What Does Medicare Cost?
What you pay for Medicare depends on how much you earn each year and how much care you need. You pay a separate amount for each part of Medicare.
Medicare Part A
Part A is your hospital coverage.
Premium costs. If you or your spouse worked for at least 10 years and paid Medicare taxes, you won't pay any monthly fee, called a premium, for Part A. Most people don’t pay a premium.
If you or your spouse paid Medicare taxes for less than 10 years total, you will have to pay a monthly fee for Part A coverage. The penalty could be as much as $407 a month.
Deductible costs. If you stay overnight in the hospital or use other Part A services, you'll pay a deductible. The deductible is the amount you must pay before Medicare pays anything for your care.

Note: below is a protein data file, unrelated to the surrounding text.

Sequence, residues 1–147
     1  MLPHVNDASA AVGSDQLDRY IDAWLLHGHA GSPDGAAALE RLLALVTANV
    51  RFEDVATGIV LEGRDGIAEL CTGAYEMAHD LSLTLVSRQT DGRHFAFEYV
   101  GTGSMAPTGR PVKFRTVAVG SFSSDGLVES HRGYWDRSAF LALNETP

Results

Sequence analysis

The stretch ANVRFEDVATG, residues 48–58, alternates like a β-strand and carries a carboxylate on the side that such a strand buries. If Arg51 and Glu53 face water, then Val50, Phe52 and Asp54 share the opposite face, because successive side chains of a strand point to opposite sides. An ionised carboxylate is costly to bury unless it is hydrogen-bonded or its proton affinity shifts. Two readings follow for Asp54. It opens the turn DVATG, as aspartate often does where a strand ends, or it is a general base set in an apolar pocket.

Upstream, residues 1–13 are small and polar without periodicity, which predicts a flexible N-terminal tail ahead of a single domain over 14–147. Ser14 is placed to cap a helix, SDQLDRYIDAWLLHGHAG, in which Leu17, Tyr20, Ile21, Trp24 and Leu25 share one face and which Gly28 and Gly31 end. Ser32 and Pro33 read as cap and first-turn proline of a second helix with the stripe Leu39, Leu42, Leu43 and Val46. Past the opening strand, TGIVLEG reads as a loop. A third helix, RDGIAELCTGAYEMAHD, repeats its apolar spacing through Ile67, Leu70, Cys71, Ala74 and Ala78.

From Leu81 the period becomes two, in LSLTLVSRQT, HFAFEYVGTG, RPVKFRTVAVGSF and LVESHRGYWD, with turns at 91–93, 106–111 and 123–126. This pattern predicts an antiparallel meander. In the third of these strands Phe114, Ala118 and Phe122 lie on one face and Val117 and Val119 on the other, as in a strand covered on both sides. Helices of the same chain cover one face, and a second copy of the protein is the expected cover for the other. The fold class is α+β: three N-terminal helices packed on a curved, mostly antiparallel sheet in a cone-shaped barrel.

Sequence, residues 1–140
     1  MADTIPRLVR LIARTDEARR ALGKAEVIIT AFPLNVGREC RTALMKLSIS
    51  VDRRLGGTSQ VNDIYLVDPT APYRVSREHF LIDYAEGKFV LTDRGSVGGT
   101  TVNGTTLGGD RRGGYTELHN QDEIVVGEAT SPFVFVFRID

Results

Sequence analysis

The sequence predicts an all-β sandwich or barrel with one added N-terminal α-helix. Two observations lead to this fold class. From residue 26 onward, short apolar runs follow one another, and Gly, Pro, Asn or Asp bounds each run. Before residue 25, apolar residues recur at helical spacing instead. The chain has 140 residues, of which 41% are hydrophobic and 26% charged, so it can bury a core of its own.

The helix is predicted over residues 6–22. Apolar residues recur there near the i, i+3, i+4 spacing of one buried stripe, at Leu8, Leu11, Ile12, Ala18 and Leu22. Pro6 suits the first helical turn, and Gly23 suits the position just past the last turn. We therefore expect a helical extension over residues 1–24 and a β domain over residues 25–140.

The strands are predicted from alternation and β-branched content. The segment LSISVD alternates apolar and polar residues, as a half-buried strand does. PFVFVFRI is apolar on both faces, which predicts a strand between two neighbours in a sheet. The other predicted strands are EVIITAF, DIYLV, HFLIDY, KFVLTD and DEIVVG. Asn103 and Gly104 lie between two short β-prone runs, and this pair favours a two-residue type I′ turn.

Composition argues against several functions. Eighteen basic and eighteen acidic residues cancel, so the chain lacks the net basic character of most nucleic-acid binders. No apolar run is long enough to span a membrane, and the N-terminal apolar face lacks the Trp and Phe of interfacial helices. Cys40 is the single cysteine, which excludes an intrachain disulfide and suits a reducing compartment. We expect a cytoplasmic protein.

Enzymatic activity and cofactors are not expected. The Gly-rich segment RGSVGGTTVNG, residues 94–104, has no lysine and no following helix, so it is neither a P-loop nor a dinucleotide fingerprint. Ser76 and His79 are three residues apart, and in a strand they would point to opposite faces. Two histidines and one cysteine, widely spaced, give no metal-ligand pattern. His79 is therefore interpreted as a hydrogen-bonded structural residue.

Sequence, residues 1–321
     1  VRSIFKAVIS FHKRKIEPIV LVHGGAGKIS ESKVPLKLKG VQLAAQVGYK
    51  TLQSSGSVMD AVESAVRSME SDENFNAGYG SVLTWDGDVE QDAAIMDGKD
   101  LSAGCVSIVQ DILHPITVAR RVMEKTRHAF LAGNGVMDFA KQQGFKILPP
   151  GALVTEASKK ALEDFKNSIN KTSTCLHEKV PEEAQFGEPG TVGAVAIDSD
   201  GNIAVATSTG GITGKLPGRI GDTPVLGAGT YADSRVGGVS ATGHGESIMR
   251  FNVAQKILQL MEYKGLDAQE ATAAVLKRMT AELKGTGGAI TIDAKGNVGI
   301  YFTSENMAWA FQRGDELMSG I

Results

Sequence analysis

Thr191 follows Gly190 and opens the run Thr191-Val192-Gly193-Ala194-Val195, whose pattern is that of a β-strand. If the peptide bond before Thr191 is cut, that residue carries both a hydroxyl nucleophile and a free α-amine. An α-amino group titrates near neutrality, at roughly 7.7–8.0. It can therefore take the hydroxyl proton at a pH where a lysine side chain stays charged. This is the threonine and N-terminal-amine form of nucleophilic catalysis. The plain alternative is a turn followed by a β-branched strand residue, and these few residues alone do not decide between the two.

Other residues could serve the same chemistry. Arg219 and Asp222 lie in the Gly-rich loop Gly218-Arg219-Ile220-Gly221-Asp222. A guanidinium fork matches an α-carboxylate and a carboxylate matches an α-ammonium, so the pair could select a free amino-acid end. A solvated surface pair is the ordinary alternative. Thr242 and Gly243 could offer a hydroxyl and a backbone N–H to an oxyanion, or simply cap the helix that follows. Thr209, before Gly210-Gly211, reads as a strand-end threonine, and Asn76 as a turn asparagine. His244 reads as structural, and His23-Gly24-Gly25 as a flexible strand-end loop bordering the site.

For 2015, the deductible for each hospital stay is $1260.
Copay costs. You also pay copays for Part A. It's a set amount you pay for specific types of care. If you're in the hospital for more than 60 days, your copay is $315 a day for days 61 to 90. After that, your copay is $630 a day.
Medicare Part B
Part B is for your doctor visits, tests, and other services.
Premium costs: Each month you pay a premium of $104.90. If your income is higher than $85,000, you have to pay a higher premium. How much you make determines how much you pay, ranging from $146.90 to $335.70.
Deductible costs: You also pay a $147 deductible each year. After you pay it, you pay coinsurance, which is 20% of your medical costs.
Penalties: If you don't sign up for Part B when you first become eligible, you may have to pay a penalty if you did not have health insurance through an employer or union.